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USFWS MENTOR Fellowship Program

by Portal Web Editor last modified Jan 10, 2013 07:31 AM
Through the 2008-2009 Wildlife Without Borders Africa program, the U.S. Fish & Wildlife Service (USFWS) is addressing the need for action to curtail the illegal and unsustainable bushmeat trade in eastern Africa. The USFWS MENTOR Fellowship Program used a team approach to build the capacity of eight emerging eastern African conservation leaders to address bushmeat challenges and lay the foundation for implementing bushmeat solutions.







MENTOR Fellowship Program
US Fish and Wildlife ServicesMENTOR Fellowship PartnersCollege of African Wildlife Management


There is an urgent need for information, capacity and action to address the illegal and unsustainable trade in bushmeat as hunting is on the rise in eastern Africa. The market for illegal bushmeat -- a term applied to any wild game in Africa hunted for food or income-- is taking a heavy toll on wildlife. The pressure on wildlife species such as the hippopotamus from poaching could jeopardize the long-term health and viability of wildlife. However, the threat is not just to wildlife, but also the lucrative tourist industry that is one of the region's biggest employers.

Through the USFWS MENTOR (Mentoring for ENvironmental Training in Outreach and Resource conservation) Fellowship Program, a cooperative agreement funded by the U.S. Fish & Wildlife Service with the College of African Wildlife Management- Mweka, Tanzania, and the Africa Biodiversity Collaborative Group capacity has been built for a multidisciplinary team of promising conservationists to address bushmeat challenges and solutions.  As a result of the MENTOR program, a new network of eastern African wildlife professionals who can lead efforts to reduce illegal and unsustainable bushmeat exploitation at local, national and regional levels is being developed.  The Bushmeat-free Eastern Africa Network (BEAN) is an interdisciplinary network consisting of stakeholders who work collaboratively to implement grassroots solutions that directly address bushmeat exploitation problems affecting protected and surrounding areas in eastern Africa.
 MENTOR is a unique, multidisciplinary, academic and field-based professional development training system that engages experts to collaboratively train working
professionals and build cutting-edge curriculum for institutions of higher learning.  The 18 month post-graduate diploma course for the  2008/2009 MENTOR Fellowship Program  used a team approach to achieve two principal learning outcomes: 1) To Analyze the Bushmeat Challenges in Eastern Africa, and 2) To Demonstrate Bushmeat Solutions.  The program is built on sound science, a clear understanding of the ecology of eastern Africa, and an awareness of the current conservation and development issues driving the illegal bushmeat trade in the region.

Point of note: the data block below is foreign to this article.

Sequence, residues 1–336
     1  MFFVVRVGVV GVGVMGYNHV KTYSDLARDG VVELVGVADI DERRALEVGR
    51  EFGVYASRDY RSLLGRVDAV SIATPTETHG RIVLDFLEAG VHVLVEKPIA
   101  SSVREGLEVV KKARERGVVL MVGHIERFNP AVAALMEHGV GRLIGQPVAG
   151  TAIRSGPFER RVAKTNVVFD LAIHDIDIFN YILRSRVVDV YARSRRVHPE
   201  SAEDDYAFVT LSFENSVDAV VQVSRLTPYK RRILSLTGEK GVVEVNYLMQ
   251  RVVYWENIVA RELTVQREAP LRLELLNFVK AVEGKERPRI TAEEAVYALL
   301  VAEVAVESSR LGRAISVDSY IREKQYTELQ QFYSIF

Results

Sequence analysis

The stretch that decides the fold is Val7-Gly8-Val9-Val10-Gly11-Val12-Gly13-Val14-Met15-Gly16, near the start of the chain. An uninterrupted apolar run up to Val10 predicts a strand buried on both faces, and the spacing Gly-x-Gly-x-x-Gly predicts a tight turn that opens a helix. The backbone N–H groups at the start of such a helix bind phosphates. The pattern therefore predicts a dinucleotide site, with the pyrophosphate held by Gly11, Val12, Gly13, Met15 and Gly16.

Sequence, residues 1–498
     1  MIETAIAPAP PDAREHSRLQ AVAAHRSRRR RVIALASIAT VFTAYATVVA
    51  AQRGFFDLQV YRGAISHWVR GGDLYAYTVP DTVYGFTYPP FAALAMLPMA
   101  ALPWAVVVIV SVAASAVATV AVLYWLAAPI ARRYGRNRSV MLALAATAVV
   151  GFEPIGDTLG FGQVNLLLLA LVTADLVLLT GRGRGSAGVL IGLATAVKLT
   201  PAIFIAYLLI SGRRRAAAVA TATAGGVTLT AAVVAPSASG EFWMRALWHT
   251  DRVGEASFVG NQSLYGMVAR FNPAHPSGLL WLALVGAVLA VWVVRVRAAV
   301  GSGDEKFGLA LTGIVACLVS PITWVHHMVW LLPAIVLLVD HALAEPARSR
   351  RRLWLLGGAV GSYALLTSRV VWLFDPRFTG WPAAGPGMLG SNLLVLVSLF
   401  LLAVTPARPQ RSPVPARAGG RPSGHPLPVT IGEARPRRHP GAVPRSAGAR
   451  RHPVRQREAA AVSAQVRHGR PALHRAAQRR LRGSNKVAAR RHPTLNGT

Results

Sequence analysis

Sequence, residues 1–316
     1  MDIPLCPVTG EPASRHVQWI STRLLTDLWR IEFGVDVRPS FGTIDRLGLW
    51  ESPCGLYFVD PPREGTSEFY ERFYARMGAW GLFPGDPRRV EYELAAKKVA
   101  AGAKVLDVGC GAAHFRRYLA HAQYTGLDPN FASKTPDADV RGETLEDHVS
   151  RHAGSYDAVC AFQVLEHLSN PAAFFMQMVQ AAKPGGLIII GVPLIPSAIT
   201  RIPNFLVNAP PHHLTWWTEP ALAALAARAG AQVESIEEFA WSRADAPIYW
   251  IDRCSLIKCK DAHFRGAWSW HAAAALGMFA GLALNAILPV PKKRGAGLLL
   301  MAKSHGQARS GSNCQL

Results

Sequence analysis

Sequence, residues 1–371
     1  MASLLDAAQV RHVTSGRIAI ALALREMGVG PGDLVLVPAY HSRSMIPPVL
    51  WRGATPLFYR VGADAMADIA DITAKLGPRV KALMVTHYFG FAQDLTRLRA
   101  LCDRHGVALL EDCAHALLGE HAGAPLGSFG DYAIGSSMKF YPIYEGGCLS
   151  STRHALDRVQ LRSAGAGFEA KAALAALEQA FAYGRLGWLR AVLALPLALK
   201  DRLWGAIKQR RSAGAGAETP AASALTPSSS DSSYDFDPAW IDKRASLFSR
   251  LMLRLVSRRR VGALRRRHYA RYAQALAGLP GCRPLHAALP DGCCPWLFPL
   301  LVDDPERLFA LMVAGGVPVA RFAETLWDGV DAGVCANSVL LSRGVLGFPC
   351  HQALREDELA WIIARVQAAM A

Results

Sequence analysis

MENTOR Fellow's Bushmeat Field Assessments 

The eight Fellows from Kenya, Southern Sudan, Tanzania, and Uganda, who were selected in February 2008,
spent 6 months at the College of African Wildlife Management taking specially designed coursework on bushmeat solutions and challenges
and 12 months in the field under the guidance of experienced conservation Mentors conducting field assessments and implementing pilot projects toward bushmeat solutions.  
Following are the results of their bushmeat field assessments:

Powerpoint on Findings on Bushmeat Exploitation in Eastern Africa

Factsheet on Kenya, Masai Mara Ecosystem Bushmeat Field Assessment

Factsheet on Kenya Wildlife Policy, Game Ranching and Bushmeat Field Assessment

Factsheet on Southern Sudan, Bandingialo National Park and Bor Bushmeat Field Assessment    

Factsheet on Southern Sudan, Boma National Park Bushmeat Field Assessment

Factsheet on Tanzania, Katavi National Park Bushmeat Field Assessment   

Factsheet on Tanzania, Morogoro and Kilmbero Districts: Bushmeat Assessment of Urban Centers

Factsheet on Uganda, Masindi, Gulu, Kampala and Kasese: Bushmeat Assessment of Urban Centers

Factsheet on Uganda, Tanzania, and Kenya: Governance and Legal Regime Assessment


MENTOR Fellowship Program Accomplishments 2008-2009 

Following are the results of the MENTOR Fellows' field implementation projects that used a multi-pronged approach to dealing
with bushmeat by leveraging partnerships on bushmeat awareness, economic and protein alternatives, and law enforcement.

MENTOR Fellowship Program Actions and Accomplishments Fact Sheet  

Introduction to Regional Strategy for Bushmeat in Eastern Africa and Role of Pilot Implementation Projects

Joint Presentation on Bushmeat Pilot Implementation Projects

Lessons and Experiences from MENTOR Communications and Partnerships

Bushmeat Law Enforcement and Governance in East Africa Presentation

Kenya National Syposium Report, May 2009 

Bushmeat Symposium Abstracts for the Society for Conservation Biology in Ghana, January 2009


Additional Resources & Links:

Africa Biodiversity Collaborative Group (ABCG): 

Bushmeat Crisis Task Force (BCTF): 

BCTF Presentation on Collaboration, Knowledge and Action on Bushmeat

Bushmeat-free Eastern Africa Network (BEAN): 

College of African Wildlife Management (CAWM)-Mweka, Tanzania: 

MENTOR Fellows' Webpages:

MENTOR Fellowship Program Website:

U.S. Fish & Wildlife Service’s Wildlife Without Borders Africa Program Website:


For more information on the USFWS MENTOR Fellowshjp Program, contact: 







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